The basis of a successful fight against infections associated with the provision of medical care is properly organized Health Officer’s (HO) epidemiological surveillance (ES). Descriptive epidemiology aims to understand factors causing population-wide infections and relevant health problems to ensure safety for people (“What is descriptive epidemiology”, 2019). The purpose of the HO is to form an objective conclusion about the epidemiological situation on the population-wide assistance in the medical and preventive institution and its subdivisions. In addition, the Health Officer aims to develop on this basis evidence-based practical recommendations for the control of the epidemic-related aid. The establishment of trends in the epidemic process for the rapid introduction of adjustments helps optimize preventive and anti-epidemic measures alongside the evaluation of the effectiveness of the activities.
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A prerequisite for a successful ES for HO is the continuity of its implementation. The current operating epidemiological surveillance system, carried out by epidemiologists of the state sanitary and anti-infection service coming to health care facilities, can ensure the continuity of epidemiological surveillance. Consequently, an individual approach is important to the development of anti-epidemic measures by taking into account the characteristics of a particular health care facility. This possibility has appeared with the introduction of Health Officers to hospital epidemiologists and the staff of hospitals.
There are methodological approaches to analyze epidemiological diseases, such as HIV/AIDS and tuberculosis (TB). Firstly, observational studies review and make summative conclusions based on the current knowledge base by applying statistical tools and population-wide illustration. Secondly, the experimental study emphasizes practical analysis and discovering new data by conducting experiments, surveys, and other data collection methods (Watterson, Williams, Lavorato, & Patten, 2017). Both approaches are important for analytical epidemiology, and they produce the best possible results when complemented by each other.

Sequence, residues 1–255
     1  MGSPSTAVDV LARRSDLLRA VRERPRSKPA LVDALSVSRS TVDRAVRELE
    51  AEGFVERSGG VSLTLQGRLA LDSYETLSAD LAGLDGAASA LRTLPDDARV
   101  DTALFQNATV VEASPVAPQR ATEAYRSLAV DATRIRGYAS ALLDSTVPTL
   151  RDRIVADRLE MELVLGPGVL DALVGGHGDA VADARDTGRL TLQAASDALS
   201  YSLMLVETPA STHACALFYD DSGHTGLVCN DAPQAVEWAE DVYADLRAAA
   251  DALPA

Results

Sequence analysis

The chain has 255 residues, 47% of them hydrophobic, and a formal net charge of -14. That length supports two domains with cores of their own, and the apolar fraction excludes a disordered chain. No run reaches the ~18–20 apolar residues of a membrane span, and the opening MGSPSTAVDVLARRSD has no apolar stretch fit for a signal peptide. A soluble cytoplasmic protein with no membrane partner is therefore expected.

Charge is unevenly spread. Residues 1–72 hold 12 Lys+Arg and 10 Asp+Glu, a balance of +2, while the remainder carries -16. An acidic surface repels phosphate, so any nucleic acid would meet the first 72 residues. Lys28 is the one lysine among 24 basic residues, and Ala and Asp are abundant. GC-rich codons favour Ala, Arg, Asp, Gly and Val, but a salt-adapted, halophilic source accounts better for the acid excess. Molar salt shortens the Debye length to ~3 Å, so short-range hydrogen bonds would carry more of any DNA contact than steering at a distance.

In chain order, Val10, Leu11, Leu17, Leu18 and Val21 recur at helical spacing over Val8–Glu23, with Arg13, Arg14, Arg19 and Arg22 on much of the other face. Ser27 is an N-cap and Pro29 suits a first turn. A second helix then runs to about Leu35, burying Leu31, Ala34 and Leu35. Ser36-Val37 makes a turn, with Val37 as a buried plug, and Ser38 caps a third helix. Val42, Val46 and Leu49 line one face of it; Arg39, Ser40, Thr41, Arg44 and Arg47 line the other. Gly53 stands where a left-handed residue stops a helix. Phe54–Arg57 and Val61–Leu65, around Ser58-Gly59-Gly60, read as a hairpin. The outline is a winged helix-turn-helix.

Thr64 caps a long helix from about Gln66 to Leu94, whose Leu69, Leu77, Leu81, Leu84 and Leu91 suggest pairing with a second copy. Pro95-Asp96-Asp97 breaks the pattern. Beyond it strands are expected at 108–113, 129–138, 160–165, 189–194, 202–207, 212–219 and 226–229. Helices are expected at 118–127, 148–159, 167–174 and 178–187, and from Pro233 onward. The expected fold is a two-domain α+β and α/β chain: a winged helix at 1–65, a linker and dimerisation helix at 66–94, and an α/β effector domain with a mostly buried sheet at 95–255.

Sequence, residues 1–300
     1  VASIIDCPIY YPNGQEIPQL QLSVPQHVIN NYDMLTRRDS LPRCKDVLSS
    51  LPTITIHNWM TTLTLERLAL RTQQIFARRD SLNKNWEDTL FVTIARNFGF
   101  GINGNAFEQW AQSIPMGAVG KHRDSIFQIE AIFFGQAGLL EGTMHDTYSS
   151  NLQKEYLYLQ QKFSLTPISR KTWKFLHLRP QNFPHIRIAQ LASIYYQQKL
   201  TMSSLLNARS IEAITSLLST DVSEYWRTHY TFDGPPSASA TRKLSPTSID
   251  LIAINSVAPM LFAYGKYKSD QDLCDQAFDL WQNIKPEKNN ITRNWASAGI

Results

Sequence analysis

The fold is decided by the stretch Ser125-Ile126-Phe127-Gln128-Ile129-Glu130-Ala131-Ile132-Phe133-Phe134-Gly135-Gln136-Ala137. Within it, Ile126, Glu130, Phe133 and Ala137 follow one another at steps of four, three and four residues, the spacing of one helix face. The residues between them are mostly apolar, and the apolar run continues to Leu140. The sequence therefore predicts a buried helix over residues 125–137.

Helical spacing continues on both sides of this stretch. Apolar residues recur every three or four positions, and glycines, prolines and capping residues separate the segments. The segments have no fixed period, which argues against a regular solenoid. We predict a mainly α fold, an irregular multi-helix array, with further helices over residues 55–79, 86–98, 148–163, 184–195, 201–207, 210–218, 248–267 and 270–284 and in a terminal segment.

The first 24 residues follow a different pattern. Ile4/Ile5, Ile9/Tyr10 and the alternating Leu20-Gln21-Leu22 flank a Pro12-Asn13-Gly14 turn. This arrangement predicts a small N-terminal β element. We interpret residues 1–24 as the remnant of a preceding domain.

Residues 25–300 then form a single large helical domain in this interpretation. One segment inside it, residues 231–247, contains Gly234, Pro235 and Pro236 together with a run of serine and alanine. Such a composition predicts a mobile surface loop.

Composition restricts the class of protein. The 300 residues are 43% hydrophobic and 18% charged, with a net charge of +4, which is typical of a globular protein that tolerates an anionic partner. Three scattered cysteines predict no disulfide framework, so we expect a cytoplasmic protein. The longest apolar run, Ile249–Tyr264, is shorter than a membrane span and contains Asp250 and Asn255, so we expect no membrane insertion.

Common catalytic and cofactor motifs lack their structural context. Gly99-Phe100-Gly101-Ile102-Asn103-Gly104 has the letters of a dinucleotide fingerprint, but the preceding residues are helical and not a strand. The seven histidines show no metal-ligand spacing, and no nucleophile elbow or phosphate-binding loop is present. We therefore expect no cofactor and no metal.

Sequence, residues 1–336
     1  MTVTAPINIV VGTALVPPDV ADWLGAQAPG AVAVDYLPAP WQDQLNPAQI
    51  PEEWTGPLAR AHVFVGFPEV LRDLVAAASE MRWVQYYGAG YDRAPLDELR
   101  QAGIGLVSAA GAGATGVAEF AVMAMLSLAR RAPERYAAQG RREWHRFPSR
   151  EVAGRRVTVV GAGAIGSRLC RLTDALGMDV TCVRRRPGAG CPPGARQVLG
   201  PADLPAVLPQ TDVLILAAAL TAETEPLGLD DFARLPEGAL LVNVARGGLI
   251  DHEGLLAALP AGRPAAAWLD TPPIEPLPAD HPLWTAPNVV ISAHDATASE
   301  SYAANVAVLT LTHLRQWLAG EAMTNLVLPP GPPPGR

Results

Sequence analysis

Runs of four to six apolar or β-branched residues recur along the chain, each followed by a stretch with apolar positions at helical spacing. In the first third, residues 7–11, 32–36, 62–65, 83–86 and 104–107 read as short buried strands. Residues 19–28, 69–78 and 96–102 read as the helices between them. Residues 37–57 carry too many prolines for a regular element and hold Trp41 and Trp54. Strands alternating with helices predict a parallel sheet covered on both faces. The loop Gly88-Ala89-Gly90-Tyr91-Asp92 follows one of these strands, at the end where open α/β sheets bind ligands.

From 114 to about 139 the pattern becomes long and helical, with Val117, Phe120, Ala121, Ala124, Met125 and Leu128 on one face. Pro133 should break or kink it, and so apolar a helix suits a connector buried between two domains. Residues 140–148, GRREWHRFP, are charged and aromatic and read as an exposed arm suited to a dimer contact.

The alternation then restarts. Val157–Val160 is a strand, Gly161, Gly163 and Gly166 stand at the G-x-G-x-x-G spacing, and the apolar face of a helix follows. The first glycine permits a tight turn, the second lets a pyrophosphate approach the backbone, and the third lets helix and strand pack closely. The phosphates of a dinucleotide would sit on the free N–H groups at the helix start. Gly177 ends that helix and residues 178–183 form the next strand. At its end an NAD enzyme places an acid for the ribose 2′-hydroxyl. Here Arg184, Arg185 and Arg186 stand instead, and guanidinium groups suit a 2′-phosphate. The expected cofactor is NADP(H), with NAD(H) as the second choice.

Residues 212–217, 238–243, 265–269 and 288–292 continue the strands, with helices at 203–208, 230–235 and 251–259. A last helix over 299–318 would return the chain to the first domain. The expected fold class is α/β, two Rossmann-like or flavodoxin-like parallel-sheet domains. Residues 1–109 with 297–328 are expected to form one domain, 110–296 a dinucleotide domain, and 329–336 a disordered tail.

The observational methodology can be demonstrated by overviewing the data of international experts from the World Health Organization (WHO); the HIV epidemic has become of global importance. In 2008, 2.7 million people were infected with HIV, and 33.4 million people are living with HIV in the world (Friedman, Khan, & Duffus, 2018). The likelihood that people with HIV infection, who are also infected with tuberculosis bacteria, will develop tuberculosis disease, is 34 times higher than the figure for people who do not have HIV infection. In 2010, 1.1 million people with HIV developed TB. Worldwide, and 12% of TB patients also have HIV infection (Friedman et al., 2018). In total, throughout the epidemic of tuberculosis combined with HIV infection, more than 150 million people have already died in the world with a combined pathology. In 2010 alone, about 350 thousand people died in the world with a combination of HIV infection and tuberculosis (Friedman et al., 2018). Currently, HIV infection is the most common cause of death in young people, and TB plays a major role in fatal outcomes.
The experimental methodology can be observed through experiment-specific studies. Thus, given the close relationship between the epidemics of tuberculosis and HIV infection by experiment-based research, the World Health Organization and the United Nations have declared tuberculosis and HIV infection interrelated global destructive issues that require immediate intervention (Friedman et al., 2018). There are several conditions under which the cohort or case-controlled study is superior. The main influencing factor is the timeframe because the cohort study requires a cross-sectional time component.
In conclusion, the cohort method can be fully randomized due to the selective features of the sample. However, the case-controlled approach does not possess the desired epidemiological scale due to the closed system analysis. The problem of combining tuberculosis and HIV infection is extremely relevant, and the prognosis of the further spread of this combined pathology is crucial among the population.
Friedman, E. E., Khan, A., & Duffus, W. A. (2018). Screening for latent tuberculosis infection among HIV-infected Medicaid enrollees. Public Health Reports, 133(4), 413–422.
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Watterson, R. A., Williams, J. V. A., Lavorato, D. H., & Patten, S. B. (2017). Descriptive epidemiology of generalized anxiety disorder in Canada. The Canadian Journal of Psychiatry, 62(1), 24–29.
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